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Photo by Benny Geypens via Fotopedia

In a world riddled with high expectations, deadlines and competition, it’s difficult to stay grounded.

And by grounded, I mean avoiding the state of constant stress that I’m left with by the end of each week. Yes, weekends are recovery times of sorts.

The effects of chronic stress only hit home in the last year and a half or so, after I (falsely) thought my throbbing leg might be a sign of something more serious — namely deep vein thrombosis since I have a family history with the condition.

So after getting the thumbs up from an exam and electrocardiogram, I became more cognizant of the effects of stress on my body. In addition to sprouting a few gray hairs, I had occasional chest pains and was constantly thinking about what I ought to be doing with my off time, which clearly stripped any pleasure out of relaxing or taking a break.

Despite this, one can argue that stress is good. In the animal kingdom, adrenaline and other stress hormones jumpstart an organism’s fight-or-flight response, which can help it avoid becoming dinner. But in animals such as humans where stress can be created through experiences and mental processes, these temporary stress systems can be switched on permanently.

Despite my knowing this, I still failed to manage my stress.

In recent weeks, however, I think I’m coming around. After learning more about the Whitehall data on work-related stress, I’m convinced I need to rethink my health. Outside of primate studies, this was the first longitudinal attempt to measure the effects of stress in people. Essentially, the research focuses on whether hierarchy in the workplace influences health. It turns out this was very much the case, as individuals with less control over their jobs and hours were more stressed and exhibited poorer health and more sick days than their higher-ranking counterparts. And since the data were collected from British civil servants in the same workplace, factors such as access to health care were the same for the entire sample, limiting confounding variables.

I began asking whether it was even possible to live without stress. After all, our society seems to value productivity over wellness, which has definitely pushed stress to the backburner. As highlighted in National Geographic’s special on this “silent killer,” chronic stress can lead to heart disease, depression and a slew of other health problems.

The show also shared interesting story I heard through Stanford University’s Robert Sapolsky — the premier expertise on primate stress.

Given what we know about the topic, the question remains: Is it possible for humans and other primates with hierarchical societies to live without chronic stress?

Interestingly, Sapolsky stumbled upon this answer by accident while studying a group of wild baboons in East Africa. Baboons, primates that exhibit rather rigid social hierarchies, also demonstrated varying levels of stress hormones such as cortisol depending on their social rank, Sapolsky found.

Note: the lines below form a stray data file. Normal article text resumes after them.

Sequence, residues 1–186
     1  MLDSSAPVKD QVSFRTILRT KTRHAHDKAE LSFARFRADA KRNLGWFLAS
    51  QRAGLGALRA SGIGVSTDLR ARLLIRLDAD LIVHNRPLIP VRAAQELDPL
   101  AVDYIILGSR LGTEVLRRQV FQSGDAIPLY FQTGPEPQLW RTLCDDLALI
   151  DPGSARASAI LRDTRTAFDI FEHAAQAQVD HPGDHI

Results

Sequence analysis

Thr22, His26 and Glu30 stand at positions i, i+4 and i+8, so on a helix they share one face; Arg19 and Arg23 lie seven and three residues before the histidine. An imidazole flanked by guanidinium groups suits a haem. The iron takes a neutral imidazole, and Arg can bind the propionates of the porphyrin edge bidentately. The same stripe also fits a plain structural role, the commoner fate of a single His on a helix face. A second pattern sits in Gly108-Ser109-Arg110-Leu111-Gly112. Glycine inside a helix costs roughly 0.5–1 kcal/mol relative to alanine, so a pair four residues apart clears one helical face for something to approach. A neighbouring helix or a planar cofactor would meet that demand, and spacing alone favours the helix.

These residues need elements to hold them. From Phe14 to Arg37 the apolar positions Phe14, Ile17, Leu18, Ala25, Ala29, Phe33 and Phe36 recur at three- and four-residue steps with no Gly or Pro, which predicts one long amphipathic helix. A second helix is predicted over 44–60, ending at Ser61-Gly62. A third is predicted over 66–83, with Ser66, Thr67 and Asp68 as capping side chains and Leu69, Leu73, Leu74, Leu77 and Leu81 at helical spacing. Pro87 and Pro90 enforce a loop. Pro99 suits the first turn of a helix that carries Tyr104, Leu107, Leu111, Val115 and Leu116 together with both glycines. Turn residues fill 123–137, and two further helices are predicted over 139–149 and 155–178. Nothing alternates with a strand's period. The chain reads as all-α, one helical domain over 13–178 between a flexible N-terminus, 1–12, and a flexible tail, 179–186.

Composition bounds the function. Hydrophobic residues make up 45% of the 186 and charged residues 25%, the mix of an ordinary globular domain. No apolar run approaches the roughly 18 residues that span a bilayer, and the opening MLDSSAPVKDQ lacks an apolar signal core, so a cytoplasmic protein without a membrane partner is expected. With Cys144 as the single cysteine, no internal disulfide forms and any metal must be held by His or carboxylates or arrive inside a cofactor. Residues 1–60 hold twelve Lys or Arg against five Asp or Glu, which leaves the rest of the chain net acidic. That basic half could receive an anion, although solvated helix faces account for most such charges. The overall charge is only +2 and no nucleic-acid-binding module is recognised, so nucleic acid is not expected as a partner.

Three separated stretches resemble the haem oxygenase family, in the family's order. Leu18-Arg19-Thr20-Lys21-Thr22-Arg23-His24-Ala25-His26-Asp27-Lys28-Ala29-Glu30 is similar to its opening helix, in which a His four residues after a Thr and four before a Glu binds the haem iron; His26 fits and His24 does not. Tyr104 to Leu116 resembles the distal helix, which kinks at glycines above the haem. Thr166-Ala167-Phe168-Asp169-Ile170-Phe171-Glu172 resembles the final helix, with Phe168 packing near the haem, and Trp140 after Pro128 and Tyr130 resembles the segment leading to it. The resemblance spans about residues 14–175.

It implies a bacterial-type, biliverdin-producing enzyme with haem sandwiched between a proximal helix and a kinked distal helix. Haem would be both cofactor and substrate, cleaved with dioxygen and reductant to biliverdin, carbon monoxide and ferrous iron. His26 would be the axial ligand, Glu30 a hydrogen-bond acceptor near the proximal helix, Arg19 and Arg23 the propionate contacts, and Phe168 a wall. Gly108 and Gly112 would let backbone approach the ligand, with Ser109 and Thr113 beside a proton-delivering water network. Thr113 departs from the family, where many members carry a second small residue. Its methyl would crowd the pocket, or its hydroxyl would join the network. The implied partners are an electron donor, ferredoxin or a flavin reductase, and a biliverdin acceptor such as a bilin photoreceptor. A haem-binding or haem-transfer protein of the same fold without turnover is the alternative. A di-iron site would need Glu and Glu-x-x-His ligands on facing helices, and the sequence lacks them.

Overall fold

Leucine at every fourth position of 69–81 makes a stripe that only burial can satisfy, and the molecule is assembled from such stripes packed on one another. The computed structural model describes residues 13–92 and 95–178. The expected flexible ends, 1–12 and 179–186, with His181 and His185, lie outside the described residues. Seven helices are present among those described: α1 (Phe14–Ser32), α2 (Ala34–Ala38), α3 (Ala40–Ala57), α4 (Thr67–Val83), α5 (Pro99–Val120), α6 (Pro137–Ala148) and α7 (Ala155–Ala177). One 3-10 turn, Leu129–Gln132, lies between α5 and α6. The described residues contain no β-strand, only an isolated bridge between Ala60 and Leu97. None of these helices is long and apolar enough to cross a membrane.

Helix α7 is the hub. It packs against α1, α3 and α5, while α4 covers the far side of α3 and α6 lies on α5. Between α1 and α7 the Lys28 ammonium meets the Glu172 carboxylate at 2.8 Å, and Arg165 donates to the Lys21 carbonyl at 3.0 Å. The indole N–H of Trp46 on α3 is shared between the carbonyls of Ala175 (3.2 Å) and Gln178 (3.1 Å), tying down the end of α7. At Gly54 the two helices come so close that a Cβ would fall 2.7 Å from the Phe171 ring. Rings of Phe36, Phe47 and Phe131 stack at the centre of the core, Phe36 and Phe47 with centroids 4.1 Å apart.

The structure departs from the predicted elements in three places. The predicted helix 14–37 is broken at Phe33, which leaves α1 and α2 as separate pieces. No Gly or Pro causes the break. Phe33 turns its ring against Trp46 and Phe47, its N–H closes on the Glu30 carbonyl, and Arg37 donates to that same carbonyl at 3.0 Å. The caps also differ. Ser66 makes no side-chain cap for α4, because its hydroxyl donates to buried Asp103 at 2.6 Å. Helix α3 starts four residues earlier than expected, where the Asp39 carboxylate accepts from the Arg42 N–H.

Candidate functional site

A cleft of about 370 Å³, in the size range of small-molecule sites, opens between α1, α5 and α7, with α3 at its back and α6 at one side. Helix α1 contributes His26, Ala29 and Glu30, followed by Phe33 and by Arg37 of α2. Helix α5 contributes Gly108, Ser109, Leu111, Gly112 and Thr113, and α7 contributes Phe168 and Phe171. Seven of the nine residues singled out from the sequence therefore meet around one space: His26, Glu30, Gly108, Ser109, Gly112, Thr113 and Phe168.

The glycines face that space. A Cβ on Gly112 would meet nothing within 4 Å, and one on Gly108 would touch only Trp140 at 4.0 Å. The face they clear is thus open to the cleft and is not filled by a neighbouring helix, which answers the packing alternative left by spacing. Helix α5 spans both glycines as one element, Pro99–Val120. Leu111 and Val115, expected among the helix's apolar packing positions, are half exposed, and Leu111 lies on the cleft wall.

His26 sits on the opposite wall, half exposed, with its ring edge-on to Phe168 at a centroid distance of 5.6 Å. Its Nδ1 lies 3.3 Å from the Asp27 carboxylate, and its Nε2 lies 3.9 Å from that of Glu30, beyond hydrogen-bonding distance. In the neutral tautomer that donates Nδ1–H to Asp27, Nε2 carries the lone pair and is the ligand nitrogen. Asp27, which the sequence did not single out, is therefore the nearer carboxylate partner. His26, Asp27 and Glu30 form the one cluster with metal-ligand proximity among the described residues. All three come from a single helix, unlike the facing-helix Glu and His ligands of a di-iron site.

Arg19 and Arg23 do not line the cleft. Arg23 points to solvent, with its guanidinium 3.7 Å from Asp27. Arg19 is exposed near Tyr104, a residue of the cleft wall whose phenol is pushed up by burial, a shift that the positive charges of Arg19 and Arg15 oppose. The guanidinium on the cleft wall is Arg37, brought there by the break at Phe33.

With this line of reasoning, it makes sense that monkeys at the bottom of the totem pole would show increased levels of cortisol from being thrown around and intimidated by superiors (most of the aggressors were males). It’s also reasonable to apply this idea to humans — in fact, this line of research builds on why certain socioeconomic groups suffer more from health problems and have a harder time climbing the social latter.

After spending years studying one group (the Forest Troop), Sapolsky found that a tragic outbreak of tuberculosis wiped out many of the dominant males in the troop, leaving mostly less dominant females in its wake.

But rather than individuals taking the place of the group’s leaders, the less aggressive females kept things relatively peaceful. Even as newcomers joined the group, they adopted a less aggressive more egalitarian (mind my anthropomorphism here) society, which affected everyone’s level of stress. New males who came to the group soon learned the expectations of life there and adjusted their behaviors to fit in. Breaking down the strict hierarchy reduced stress among everyone. It is worth noting, however, that this is an isolated case, so it’s difficult to tell if history will repeat itself in this particular species.

Ultimately, it seems as if society and culture should take more responsibility for influencing stress and allaying it. Perhaps if we take stress reduction more seriously — at the individual and community level, Americans would reap the benefits of greater well-being and satisfaction with life. Yet it seems maintaining competitiveness and well-being is hard to do. We’ll need to change our perspectives and priorities for starters.

LinkedIn has a great overview of the topic — including Sapolsky’s work — in the video below.

All this talk of stress is, well, somewhat stressful! Now if you’ll excuse me while I try to relax!

Also, this wasn’t the focus of my post, but here are tips on stress reduction from


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About Me

Marianne is a science communicator working in Madison, Wis.

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